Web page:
“For 26 years, the government has failed to ensure equitable participation opportunities are in place, due to poor implementation which has led to a lack of development of sports codes in schools, especially in underprivileged and previously disadvantaged communities. We cannot blame apartheid now,” Mhlongo told Daily Maverick.

Even in instances where black people can circumvent these challenges and find themselves in schools that have these facilities, they often face discrimination, as 20-year-old Lindiwe Vuso – a former learner at an Afrikaans and English high school based in Gauteng – told Daily Maverick.

Vuso arrived at the school in Grade 9, and upon her arrival joined the school’s netball team. She’d always loved the sport and had dreams of one day representing her country at the highest level.

“I joined the A team, played a few matches and things were great. But also, when they explained things they’d speak in Afrikaans and I wouldn’t understand. And when I’d ask for a translation in English, they’d say they can’t explain in English,” Vuso stated.

“Not only were the teachers being racist, but team members as well. They’d recruit their athlete friends so we black people could be dropped to the lower teams like C and D. Some people would make it because their parents would put in a word for them as Afrikaans people,” Vuso said.

Vuso says she quit the sport, demoralised and tired of being told she was not as fast or good as her white counterparts.

She is not alone in having faced this conundrum. Another former aspirant netball player, Lungile Miller, told Daily Maverick of how she had been discriminated against countless times, with an incident which happened at provincial level standing out. This was when she was 15 and had made the cut to go to the Gauteng trials for outdoor netball.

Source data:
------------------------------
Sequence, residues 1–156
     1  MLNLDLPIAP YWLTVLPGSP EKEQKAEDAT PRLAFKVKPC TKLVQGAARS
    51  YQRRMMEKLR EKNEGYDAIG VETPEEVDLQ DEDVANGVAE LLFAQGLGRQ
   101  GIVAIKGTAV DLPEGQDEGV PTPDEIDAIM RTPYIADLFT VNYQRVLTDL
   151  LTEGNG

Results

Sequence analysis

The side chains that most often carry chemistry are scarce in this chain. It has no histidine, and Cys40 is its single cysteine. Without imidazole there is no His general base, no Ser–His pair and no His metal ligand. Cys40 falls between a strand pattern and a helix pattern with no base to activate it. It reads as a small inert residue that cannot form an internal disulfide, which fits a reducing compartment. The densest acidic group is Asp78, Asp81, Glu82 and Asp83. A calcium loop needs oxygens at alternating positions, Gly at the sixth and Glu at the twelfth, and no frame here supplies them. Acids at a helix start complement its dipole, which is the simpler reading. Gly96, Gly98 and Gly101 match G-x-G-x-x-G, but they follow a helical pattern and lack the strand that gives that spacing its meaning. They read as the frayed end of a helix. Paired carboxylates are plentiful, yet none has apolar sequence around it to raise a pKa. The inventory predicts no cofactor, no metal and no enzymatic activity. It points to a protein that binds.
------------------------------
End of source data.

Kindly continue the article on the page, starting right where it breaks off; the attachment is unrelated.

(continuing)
“Before I went on court, they announced the team I had to play with. And when they called out all the names, the girls asked me if I can speak Afrikaans, and they asked me in Afrikaans. I could hear a bit, then I just said ‘no, I can’t speak Afrikaans’. And I think they saw this as an opportunity to exclude me from their play,” says the 18-year-old Miller. “So, after I said that, when I went on court, they literally just pretended not to see me on court. Even if I was the last one free, they wouldn’t pass the ball to me because I clearly didn’t meet the requirements, for them, to actually have the ball and be part of the team, because I couldn’t speak Afrikaans.”

However – despite these accounts – according to the report the netball federation, along with the likes of table tennis, football, volleyball, cricket, amateur boxing, softball, athletics and basketball, is one that inspires hope for a change in future.

Headed by a black woman in Cecilia Molokwane, the netball federation achieved 56% of its self-set barometer targets on transformation in 2018/19, which is higher than the 50% required to avoid a penalty imposed by the government.

The report said that, as opposed to the above-mentioned federations, codes such as rowing, bowls, jukskei, gymnastics, baseball, tennis, swimming, hockey and, to a lesser extent, rugby were still not proceeding at a fast enough pace in implementing transformation targets — which might be detrimental for their long-term future in the country.

“Numbers don’t lie, and as you will see in this latest publication, the population numbers tell us that if we do not transform now, some of the white-dominated sporting codes will soon be extinct,” said Ntshingila.

Mhlongo said the DA wanted assurance that the money destined for the improvement of access to sport was used for its intended purpose. 

“We want to be sure that no funds were misused, thereby denying our people, especially the poor, an opportunity to benefit from sport participation,” he said. DM